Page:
CT scans use contrast agents, which are typically iodine- or barium-based. Some patients are allergic to one or both of these contrast agents, most often iodine. Usually the allergic reaction is manageable and not life-threatening.

An alternative to a CT imaging study would be Magnetic Resonance Imaging (MRI). MRI has about the same sensitivity for detecting HCC has helical CT. However, MRI has the advantage of delivering high resolution images of the liver without nephrotoxic contrast agents or ionizing radiation. HCC appears as a high intensity pattern on T2 weighted images and a low intensity pattern on T1 weighted images. The advantage of MRI is that is has improved sensitivity and specificity when compared to US and CT in cirrhotic patients in whom it can be difficult to differentiate HCC from regenerative nodules. A systematic review found that the sensitivity was 81 percent (95% CI 70-91%) and specificity was 85 percent (95% CI 77-93%) compared with pathologic examination of an explanted or resected liver as the reference standard.[23] The sensitivity is further increased gadoxetic acid-enhanced and diffusion-weighted imaging are combined. Despite the advantages of MRI, helical CT remains the technique of choice among radiologists due to the high cost and long image acquisition time of MRI.

In a review article of the screening, diagnosis and treatment of hepatocellular carcinoma, 4 articles were selected for comparing the accuracy of CT and MRI in diagnosing this malignancy.[26] Radiographic diagnosis was verified against post-transplantation biopsy as the gold standard. With the exception of one instance of specificity, it was discovered that MRI was more sensitive and specific than CT in all four studies.


Micrograph of hepatocellular carcinoma. Liver biopsy. Trichrome stain.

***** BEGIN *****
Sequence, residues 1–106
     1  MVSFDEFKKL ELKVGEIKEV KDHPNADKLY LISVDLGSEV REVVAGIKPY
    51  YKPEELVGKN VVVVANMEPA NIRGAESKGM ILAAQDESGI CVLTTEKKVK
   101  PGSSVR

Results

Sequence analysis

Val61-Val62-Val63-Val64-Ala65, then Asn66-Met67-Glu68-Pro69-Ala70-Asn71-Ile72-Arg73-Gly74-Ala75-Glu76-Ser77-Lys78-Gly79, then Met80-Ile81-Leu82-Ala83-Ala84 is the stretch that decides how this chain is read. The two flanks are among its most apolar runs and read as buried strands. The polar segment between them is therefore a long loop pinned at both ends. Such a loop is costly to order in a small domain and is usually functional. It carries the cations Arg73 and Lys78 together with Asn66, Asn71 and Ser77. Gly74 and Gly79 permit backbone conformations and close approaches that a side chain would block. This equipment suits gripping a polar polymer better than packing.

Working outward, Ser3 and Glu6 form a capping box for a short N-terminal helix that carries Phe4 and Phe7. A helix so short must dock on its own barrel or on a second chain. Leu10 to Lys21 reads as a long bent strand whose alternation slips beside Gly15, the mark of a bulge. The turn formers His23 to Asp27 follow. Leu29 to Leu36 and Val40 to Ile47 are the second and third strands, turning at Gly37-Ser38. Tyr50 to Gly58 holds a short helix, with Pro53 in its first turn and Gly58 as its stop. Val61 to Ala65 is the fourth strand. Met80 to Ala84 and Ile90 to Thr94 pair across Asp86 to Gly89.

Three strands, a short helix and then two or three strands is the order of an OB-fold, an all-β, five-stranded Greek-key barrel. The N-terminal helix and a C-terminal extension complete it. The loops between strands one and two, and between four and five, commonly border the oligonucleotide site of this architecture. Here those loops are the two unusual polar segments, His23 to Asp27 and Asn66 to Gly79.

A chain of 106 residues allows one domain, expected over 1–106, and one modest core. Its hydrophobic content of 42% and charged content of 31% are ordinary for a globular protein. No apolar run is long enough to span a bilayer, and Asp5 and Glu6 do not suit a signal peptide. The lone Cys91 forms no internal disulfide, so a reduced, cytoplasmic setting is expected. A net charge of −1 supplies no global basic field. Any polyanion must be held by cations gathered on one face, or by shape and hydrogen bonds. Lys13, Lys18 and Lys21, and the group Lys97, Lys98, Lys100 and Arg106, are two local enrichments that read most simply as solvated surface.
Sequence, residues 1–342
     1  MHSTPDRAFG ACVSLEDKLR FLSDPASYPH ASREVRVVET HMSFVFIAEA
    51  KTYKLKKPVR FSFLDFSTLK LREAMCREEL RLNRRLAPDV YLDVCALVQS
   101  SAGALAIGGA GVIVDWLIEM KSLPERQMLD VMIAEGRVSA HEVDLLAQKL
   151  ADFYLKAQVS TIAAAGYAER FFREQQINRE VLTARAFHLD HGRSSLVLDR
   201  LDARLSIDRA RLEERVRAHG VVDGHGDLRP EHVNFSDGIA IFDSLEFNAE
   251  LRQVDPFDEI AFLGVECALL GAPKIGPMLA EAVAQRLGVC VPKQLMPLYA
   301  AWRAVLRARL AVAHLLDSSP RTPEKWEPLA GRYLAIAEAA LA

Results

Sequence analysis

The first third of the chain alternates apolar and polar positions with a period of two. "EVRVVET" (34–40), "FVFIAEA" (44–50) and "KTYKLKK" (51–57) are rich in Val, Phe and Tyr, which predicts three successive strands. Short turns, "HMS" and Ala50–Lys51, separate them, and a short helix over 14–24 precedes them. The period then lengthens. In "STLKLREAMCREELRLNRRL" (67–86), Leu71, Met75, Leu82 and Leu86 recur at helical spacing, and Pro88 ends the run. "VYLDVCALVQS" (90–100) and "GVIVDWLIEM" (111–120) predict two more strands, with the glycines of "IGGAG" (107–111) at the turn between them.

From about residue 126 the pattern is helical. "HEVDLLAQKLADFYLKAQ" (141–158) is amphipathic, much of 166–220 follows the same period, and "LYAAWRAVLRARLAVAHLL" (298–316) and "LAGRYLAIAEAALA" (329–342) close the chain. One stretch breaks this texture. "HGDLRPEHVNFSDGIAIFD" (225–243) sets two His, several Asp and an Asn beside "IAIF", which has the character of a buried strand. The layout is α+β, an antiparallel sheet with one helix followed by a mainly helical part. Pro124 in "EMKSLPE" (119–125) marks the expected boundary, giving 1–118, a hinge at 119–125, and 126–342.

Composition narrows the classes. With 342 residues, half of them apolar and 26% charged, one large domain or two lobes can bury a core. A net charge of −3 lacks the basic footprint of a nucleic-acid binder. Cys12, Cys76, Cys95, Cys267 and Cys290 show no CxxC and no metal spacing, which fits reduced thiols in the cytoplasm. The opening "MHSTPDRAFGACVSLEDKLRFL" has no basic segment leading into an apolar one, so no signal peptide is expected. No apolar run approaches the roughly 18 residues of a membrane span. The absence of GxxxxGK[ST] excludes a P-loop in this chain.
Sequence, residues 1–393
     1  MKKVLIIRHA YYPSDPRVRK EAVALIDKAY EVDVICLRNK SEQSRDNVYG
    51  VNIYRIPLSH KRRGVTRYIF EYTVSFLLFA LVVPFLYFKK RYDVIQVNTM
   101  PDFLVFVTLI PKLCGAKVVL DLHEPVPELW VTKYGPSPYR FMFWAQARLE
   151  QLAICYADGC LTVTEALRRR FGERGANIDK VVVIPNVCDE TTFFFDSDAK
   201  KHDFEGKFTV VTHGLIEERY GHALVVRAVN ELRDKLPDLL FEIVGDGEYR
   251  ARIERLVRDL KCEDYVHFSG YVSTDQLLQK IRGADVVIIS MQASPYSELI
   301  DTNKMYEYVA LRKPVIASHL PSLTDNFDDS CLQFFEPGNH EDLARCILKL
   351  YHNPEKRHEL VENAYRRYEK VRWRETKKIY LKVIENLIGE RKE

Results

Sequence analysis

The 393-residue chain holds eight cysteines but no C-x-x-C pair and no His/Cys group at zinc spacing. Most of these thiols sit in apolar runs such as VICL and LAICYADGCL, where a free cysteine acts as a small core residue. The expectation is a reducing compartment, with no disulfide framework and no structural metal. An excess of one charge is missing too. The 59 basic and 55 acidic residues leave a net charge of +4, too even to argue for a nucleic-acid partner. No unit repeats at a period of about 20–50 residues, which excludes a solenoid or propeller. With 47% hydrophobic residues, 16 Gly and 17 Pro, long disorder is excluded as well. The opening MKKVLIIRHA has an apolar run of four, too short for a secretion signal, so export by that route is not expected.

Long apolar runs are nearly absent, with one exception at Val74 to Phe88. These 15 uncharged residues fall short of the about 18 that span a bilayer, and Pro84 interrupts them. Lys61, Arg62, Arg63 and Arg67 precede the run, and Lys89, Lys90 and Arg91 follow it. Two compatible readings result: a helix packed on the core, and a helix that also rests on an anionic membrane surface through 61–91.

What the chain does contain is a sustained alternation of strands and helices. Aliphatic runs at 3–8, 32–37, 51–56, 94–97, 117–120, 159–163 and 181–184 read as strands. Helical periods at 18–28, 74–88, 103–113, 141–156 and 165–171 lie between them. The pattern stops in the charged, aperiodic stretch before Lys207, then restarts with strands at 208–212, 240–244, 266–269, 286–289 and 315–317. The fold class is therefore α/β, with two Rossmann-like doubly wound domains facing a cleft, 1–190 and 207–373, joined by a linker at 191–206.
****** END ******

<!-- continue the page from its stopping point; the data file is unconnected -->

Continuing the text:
Macroscopically, liver cancer appears as a nodular or infiltrative tumor. The nodular type may be solitary (large mass) or multiple (when developed as a complication of cirrhosis). Tumor nodules are round to oval, grey or green (if the tumor produces bile), well circumscribed but not encapsulated. The diffuse type is poorly circumscribed and infiltrates the portal veins, or the hepatic veins (rarely).

Microscopically, there are four architectural and cytological types (patterns) of hepatocellular carcinoma: fibrolamellar, pseudoglandular (adenoid), pleomorphic (giant cell) and clear cell. In well differentiated forms, tumor cells resemble hepatocytes, form trabeculae, cords and nests, and may contain bile pigment in cytoplasm. In poorly differentiated forms, malignant epithelial cells are discohesive, pleomorphic, anaplastic, giant. The tumor has a scant stroma and central necrosis because of the poor vascularization.[27]


Important features that guide treatment include: -

  • size
  • spread (stage)
  • involvement of liver vessels
  • presence of a tumor capsule
  • presence of extrahepatic metastases
  • presence of daughter nodules
  • vascularity of the tumor

MRI is the best imaging method to detect the presence of a tumor capsule.


Since hepatitis B or C is one of the main causes of hepatocellular carcinoma, prevention of this infection is key to then prevent hepatocellular carcinoma. Thus, childhood vaccination against hepatitis B may reduce the risk of liver cancer in the future.[28]

In the case of patients with cirrhosis, alcohol consumption is to be avoided. Also, screening for hemochromatosis may be beneficial for some patients.[29]

It is unclear if screening those with chronic liver disease for hepatocellular carcinoma improves outcomes.[30]


  • Liver transplantation to replace the diseased liver with a cadaveric liver or a living donor graft has historically low survival rates (20%-36%). During 1996–2001 the rate had improved to 61.1%, likely related to adoption of the Milan criteria at US transplantation centers. Expanded Shanghai criteria in China resulted in overall survival and disease-free survival rates similar to the Milan criteria.[31] Studies from the late 2000 obtained higher survival rates ranging from 67% to 91%.[32] If the liver tumor has metastasized, the immuno-suppressant post-transplant drugs decrease the chance of survival. Considering this objective risk in conjunction with the potentially high rate of survival, some recent studies conclude that: "LTx can be a curative approach for patients with advanced HCC without extrahepatic metastasis".[33] For those reasons, and others, it is considered nowadays that patient selection is a major key for success.[34]